Recent Court of Federal Claims Protest Decision Highlights the Importance of Standing

September 9, 2019 | By Maria L. Panichelli, Michael A. Richard

Bid protests can be a powerful tool.  However, not just anyone can file a protest – only those contractors with “standing” can proceed.  If a party lacks standing, its protest will be dismissed; dismissal will occur even where the protest raises legitimate challenges to an Agency’s source selection decision.  The Court of Federal Claims’ August 14, 2019 decision in Zeidman Technologies, Inc. v. United States, highlights the importance of determining who does, and who does not, have “standing” to file a bid protest.

In Zeidman, the protestor challenged the US Air Force’s award decision in connection with an SBIR procurement relating to “Integrated Code Base and High Performance Embedded Computing Tool.”  Ten companies, including the protestor, submitted proposals.  The agency undertook evaluations,  assigned scores and ranks to each of the ten proposals, and chose to make an award to the highest ranked offerors only. Zeidman’s proposal was ranked lower than many of the other offerors.

The Court explained that, to have standing, a protestor must demonstrate that it is an “interested party”.  An “interested party” is defined as a party that: (1) is an actual or prospective bidder; and (2) has a direct economic interest in the award. To demonstrate the requisite “economic interest,” a protestor must show that there was a “substantial chance” that it would have received the contract award, if not for the alleged error being addressed in the protest. Because Zeidman was ranked lower than not only the awardee, but many other competitors, and because Zeidman had failed to establish that it had a “substantial chance” of award but for the Agency’s alleged procurement errors, the Court dismissed the protest for lack of standing.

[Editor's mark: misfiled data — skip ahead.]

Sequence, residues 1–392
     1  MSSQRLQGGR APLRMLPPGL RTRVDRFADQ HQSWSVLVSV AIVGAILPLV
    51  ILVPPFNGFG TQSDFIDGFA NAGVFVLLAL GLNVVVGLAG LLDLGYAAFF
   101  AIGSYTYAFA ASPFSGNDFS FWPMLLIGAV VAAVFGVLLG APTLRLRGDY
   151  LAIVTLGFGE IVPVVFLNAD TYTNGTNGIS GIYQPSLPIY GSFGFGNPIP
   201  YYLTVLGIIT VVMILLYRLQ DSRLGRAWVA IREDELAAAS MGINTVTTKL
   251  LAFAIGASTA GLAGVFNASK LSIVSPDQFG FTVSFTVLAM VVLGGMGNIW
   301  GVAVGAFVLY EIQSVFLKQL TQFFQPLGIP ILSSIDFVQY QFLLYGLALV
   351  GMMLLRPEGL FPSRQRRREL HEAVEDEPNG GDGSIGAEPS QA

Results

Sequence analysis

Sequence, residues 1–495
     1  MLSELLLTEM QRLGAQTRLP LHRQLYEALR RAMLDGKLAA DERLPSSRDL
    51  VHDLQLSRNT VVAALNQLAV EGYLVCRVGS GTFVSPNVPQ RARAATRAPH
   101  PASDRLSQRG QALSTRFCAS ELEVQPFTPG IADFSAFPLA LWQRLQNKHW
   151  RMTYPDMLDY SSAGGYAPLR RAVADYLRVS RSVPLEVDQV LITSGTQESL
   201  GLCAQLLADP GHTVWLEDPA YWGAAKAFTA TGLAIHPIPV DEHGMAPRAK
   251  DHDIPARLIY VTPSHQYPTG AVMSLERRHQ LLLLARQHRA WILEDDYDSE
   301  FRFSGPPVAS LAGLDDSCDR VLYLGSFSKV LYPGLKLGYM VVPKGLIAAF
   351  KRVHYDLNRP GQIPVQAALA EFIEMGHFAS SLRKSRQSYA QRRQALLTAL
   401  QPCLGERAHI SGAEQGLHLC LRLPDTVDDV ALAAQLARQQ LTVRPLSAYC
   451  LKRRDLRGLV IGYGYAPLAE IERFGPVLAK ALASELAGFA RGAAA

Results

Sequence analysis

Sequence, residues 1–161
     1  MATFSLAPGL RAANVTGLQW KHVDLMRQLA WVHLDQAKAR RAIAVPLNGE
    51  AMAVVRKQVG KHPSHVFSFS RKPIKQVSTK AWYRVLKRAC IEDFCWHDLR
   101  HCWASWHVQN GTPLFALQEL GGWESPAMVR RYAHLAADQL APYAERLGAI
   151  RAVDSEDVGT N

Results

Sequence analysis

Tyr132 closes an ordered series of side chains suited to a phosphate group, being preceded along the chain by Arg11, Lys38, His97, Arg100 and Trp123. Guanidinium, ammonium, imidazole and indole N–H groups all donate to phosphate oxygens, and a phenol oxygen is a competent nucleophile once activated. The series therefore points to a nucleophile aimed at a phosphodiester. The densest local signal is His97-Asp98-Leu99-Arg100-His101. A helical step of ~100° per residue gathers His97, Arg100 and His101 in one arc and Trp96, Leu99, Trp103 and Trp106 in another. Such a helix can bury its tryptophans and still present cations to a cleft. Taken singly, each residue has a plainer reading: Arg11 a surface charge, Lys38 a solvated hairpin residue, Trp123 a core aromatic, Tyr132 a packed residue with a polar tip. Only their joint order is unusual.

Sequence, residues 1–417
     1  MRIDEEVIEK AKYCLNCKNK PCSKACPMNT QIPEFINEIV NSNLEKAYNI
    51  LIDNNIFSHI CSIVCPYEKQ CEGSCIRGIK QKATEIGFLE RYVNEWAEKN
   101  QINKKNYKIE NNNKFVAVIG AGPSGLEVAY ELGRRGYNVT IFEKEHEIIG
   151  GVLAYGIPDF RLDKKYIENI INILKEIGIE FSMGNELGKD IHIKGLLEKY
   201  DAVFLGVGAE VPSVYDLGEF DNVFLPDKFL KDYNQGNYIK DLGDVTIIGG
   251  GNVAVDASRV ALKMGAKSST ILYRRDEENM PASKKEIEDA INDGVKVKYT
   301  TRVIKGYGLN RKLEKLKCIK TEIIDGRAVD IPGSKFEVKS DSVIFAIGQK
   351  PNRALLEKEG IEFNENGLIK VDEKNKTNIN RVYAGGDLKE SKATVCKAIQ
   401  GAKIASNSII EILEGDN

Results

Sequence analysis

The take away lesson here is that it is critically important for a contractor to perform a standing analysis before spending time, effort, and legal fees filing a protest. Unfortunately, determining if you comply with the 2-pronged “interested party” test can be deceptively difficult. Sure, if you bid on a project and lost then you likely satisfy the “actual or prospective bidder” element. But sometimes questions about timing, eligibility or other administrative concerns can really complicate this analysis. The second piece – regarding economic interest – can get even trickier. If you were next in line for award, you likely comply. But what if there was no clear “ranking”?  What if you were ranked quite low as compared to your competitors?

If you have questions about your standing, or about asserting a bid protest in general, Obermayer’s Government Contracting team is here to help!

About the Authors

Maria L. Panichelli


Maria is a partner and the Chair of the Government Contracting department.   She focuses her practice exclusively on federal government contracting and procurement, guiding her clients throughout the entire lifecycle of their...

Read More by Author

Michael A. Richard


Michael is an attorney in Obermayer’s Government Contracting Department, where he excels at getting clients to the settlement table. Michael’s tenacity is truly a force to be reckoned with. Over the past...

Read More by Author